Friday, July 18, 2008

Why does freedom cost so much?


This is a photograph of an inscription etched into the black granite at one end of the Korean War Memorial which is a few hundred yards from the Lincoln Memorial on the National Mall in Washington D.C. This memorial is quite a site to behold and in many ways does more than a lot of the other memorials to put faces on the story of the events and people it commemorates. When I was walking around the monument and happened to glance up at the inscription it stopped me in my tracks and I knew I needed a picture of such a poignant and succinct phrase.
Within a few seconds of reading it my mind lept away from the realm of American History where wars have often decided who would be free and what shape that freedom would take to another realm; the realm of theology, the realm of faith seeking understanding and investing in relationsihp with God. I looked at the inscription and said it out loud to myself a couple of times. The more and more I thought about it the more I began to ask myself questions about its meaning. The final and hardest question that I was faced with in this moment of reflection was: why does freedom cost so much? I began to ask myself this question from the perspective of my faith. Why did Christ have to die in order that humanity and creation would be free from the tyranny and oppression of sin? Sacrifice is such a challenging and hard concept to wrap my head around. The cost of freedom in any and all circumstances humbles me. And so I simply pose my question to God and everyone else: Why does freedom cost so much?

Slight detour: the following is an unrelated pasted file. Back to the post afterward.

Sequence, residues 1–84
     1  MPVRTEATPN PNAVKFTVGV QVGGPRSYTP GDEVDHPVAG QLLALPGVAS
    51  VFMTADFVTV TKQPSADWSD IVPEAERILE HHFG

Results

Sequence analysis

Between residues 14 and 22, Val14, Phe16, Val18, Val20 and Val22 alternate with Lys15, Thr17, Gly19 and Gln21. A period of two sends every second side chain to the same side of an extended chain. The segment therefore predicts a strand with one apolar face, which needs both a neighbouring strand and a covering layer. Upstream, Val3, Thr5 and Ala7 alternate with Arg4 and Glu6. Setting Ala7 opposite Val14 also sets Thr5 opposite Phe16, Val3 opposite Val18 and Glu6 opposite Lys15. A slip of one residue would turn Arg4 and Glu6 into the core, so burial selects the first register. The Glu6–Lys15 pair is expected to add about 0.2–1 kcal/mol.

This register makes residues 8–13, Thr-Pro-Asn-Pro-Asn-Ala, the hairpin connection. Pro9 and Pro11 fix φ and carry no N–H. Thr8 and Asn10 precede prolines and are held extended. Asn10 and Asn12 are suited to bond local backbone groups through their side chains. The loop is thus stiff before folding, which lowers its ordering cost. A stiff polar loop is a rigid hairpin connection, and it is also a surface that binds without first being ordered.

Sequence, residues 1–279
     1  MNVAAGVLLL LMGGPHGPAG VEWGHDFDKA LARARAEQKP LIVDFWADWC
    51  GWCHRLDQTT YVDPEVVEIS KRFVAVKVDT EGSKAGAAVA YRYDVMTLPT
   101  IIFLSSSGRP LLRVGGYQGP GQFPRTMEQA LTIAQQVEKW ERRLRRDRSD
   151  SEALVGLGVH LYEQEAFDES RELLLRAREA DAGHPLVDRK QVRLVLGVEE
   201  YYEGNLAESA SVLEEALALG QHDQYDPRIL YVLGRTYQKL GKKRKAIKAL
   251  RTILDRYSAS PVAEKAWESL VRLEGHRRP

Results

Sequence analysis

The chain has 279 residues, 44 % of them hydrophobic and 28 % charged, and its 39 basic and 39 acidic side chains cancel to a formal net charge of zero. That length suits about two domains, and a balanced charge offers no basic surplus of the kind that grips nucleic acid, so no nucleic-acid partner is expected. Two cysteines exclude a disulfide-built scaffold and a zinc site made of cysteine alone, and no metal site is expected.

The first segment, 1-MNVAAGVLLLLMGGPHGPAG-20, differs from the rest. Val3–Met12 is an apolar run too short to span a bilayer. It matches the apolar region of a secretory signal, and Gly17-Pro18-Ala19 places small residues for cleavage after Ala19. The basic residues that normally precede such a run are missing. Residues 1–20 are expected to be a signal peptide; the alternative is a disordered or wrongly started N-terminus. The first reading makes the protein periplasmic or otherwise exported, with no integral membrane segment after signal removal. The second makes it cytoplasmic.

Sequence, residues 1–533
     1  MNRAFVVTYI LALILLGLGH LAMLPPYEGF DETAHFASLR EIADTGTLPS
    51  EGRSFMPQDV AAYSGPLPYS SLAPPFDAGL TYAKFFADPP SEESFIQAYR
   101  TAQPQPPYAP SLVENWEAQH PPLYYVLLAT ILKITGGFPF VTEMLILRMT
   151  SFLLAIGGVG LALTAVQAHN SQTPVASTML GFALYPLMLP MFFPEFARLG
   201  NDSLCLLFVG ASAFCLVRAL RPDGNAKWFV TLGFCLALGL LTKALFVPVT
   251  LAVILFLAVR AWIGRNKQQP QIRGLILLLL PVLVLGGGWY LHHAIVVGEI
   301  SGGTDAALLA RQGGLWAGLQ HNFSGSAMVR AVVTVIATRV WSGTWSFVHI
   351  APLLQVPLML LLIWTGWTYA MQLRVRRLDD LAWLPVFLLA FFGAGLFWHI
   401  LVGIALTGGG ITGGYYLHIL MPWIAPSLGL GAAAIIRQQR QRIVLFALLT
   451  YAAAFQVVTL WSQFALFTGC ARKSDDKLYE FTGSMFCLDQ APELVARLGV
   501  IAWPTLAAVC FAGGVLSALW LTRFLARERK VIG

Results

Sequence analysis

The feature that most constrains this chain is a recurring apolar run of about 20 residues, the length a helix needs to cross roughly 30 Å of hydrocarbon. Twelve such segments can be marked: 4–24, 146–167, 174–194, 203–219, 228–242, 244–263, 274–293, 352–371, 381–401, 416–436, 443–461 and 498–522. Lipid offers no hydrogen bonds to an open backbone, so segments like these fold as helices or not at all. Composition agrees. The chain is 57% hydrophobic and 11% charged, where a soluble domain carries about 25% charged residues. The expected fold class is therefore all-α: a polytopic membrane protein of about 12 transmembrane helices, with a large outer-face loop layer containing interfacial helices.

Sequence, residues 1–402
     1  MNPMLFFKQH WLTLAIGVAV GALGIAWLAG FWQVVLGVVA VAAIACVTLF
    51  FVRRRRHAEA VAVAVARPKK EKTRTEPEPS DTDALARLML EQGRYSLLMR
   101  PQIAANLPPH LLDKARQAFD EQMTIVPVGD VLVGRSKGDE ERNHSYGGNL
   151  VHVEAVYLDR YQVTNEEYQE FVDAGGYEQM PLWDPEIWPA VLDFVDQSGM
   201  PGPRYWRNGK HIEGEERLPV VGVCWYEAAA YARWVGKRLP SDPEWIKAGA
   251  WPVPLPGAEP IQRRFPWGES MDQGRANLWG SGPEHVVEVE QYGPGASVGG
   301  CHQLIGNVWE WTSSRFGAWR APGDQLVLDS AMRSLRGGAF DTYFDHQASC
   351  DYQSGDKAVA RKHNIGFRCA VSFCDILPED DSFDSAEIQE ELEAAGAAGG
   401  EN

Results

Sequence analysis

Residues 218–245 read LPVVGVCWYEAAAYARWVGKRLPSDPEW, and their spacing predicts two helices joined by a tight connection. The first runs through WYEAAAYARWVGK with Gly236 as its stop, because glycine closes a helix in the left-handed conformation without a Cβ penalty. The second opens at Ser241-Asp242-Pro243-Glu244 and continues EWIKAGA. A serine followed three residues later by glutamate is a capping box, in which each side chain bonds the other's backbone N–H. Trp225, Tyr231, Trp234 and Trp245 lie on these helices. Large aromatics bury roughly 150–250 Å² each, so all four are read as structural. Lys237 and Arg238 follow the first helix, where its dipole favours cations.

1 comment:

lisatshirk said...

As I was reading this particular blog, this quote by Frederick Douglass came to mind. I have been mulling over and over this the last month or so... I think there is something to Douglass’ thoughts, especially when I think about his context. I am not sure it speaks to the WHY of it, but it does speak to life growing out of the ashes, I think.
"Those who profess to favor freedom and yet depreciate agitation, are people who want crops without ploughing the ground; they want rain without thunder and lightning; they want the ocean without the roar of its many waters. The struggle may be a moral one, or it may be a physical one, or it may be both. But it must be a struggle. Power concedes nothing without a demand; it never has and it never will."